There were cases in which one could notice how, as a joke or with evil intent, fragmentary quotations were substituted. Of course, one could, when one wishes, make the strangest combination of fragments even out of any document. Likewise, one should correct the accidental errors in writing, not only on the originals but also on all copies. I recall how once, because of one letter, a serious offense occurred. One "Sabaneyev" was called "Saba-keyev,"1 and of course he perceived in this mistake a deliberate insult. Often mistakes are corrected in the originals, and they remain in the copies left in the archives, bringing someone into confusion. Besides, misprints occur even in governmental orders. Everyone could probably recall misprints in orders that could create personal as well as public embarrassment. There are plenty of such examples.
Do not think that I enter into superfluous details. On the contrary, precisely out of seemingly small things sometimes issue unlimited consequences. Especially at present when there is such an amount of international correspondence in different languages, subject to a quite varied, conditional understanding.
Thus, for instance, in one case, because of an insistent request, I had to replace in a translation the word I like so much — culture — with civilization. But this does not mean that someone should draw the conclusion that to me both of these concepts are of equal value.
Often a keeper of archives was himself called archaic. But this is quite wrong. Precisely in the hands of such archivists is to be found all living history, including that of the state. Instead of routinely prepared folders in the files, the keepers of archives should enter their notations explaining all kinds of conditional terms unavoidable in correspondence and in expediting business.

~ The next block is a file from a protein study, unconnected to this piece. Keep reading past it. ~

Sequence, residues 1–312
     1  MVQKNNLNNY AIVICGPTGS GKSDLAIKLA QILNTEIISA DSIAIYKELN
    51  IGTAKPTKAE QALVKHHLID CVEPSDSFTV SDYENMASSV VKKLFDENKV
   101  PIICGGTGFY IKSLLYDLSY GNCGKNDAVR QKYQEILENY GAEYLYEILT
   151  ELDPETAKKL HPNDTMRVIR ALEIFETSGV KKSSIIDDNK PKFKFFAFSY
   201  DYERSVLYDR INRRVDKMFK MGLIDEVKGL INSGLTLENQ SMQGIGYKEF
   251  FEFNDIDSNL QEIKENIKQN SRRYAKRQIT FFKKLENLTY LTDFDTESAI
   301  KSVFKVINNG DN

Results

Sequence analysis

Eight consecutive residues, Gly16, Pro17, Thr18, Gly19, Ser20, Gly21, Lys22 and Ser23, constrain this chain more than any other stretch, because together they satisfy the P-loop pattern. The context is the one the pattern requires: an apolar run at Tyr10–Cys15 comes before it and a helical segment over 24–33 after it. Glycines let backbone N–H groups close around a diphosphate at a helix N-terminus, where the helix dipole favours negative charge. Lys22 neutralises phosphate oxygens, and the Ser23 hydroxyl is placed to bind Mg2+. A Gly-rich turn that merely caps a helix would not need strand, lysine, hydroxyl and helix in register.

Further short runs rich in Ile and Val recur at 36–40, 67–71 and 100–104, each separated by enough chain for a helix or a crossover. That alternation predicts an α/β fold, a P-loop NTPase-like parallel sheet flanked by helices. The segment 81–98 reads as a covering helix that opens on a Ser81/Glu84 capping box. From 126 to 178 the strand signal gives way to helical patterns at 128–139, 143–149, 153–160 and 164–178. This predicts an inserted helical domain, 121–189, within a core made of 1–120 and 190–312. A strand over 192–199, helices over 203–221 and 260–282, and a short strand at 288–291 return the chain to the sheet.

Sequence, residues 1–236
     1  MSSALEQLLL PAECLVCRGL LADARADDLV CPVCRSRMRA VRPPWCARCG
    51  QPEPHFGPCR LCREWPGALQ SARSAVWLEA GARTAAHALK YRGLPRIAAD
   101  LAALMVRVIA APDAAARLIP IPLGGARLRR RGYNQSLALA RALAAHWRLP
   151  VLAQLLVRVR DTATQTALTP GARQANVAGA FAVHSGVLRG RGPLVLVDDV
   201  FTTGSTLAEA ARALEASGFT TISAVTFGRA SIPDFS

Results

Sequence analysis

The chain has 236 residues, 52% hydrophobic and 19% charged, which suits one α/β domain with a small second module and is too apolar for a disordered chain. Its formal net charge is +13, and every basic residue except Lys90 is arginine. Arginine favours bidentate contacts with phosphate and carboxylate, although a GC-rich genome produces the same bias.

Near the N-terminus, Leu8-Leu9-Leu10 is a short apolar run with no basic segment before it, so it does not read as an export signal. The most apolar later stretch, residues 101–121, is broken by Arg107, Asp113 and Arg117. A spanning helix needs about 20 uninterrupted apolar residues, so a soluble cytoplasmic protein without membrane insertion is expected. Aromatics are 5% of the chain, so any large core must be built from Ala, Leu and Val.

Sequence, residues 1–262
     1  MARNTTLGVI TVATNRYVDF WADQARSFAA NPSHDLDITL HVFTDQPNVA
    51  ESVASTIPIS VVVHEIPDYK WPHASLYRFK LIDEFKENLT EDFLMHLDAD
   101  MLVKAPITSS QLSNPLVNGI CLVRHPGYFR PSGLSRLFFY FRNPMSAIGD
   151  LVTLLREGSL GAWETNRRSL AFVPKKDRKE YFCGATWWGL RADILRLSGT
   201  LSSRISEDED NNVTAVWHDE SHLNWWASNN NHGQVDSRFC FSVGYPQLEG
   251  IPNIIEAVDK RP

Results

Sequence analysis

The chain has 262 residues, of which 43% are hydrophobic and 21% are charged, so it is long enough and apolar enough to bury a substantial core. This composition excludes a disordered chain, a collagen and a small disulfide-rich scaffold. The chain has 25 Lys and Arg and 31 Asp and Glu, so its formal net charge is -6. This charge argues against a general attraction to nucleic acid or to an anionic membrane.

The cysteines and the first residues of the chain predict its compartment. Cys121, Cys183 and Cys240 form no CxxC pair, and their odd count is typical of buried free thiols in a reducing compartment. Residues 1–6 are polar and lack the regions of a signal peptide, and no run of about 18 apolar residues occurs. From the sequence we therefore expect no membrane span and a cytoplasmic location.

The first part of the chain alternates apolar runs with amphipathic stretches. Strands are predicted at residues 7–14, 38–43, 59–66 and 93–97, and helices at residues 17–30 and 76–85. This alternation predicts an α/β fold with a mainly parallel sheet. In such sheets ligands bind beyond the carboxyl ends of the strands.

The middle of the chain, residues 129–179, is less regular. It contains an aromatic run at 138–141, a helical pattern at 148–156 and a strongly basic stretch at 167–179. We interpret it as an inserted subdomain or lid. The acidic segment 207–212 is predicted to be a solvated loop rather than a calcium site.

I remember a case when a certain document was signed not by the Secretary of a Department himself, but by the Assistant Secretary. And a conclusion was drawn, because of this, that the head of the department for some reason evaded participating in this matter. But in reality, the head of the department on that day suffered greatly from an attack of dysentery and could not participate in any work for the time being.
Another episode comes to mind, widely commented upon at that time, when a certain head of a government had to leave a festive reception immediately. Who knows what may happen in life! Nothing human is alien to people.
The main purpose of this letter is to remind about the necessity of high quality in the preservation of archives. One should not, even for a brief period of time, admit the thought about adding something tomorrow to that which one was not inclined to do today. Each sign of laziness and sluggishness should be excluded everywhere, and especially in circumstances that could bring a successor into confusion. If we have no right to squander someone else's time, we also have no right, because of carelessness or laziness, to bring anyone into confusion.
Clarity, precision, and cleanliness are achieved where negligence is not allowed at all. And what a pleasure it is to see these qualities everywhere! They cleanse all life and replace unnecessary complexity by precision, simplicity, and clarity.
June 7, 1935
1 This name is close to the word dog.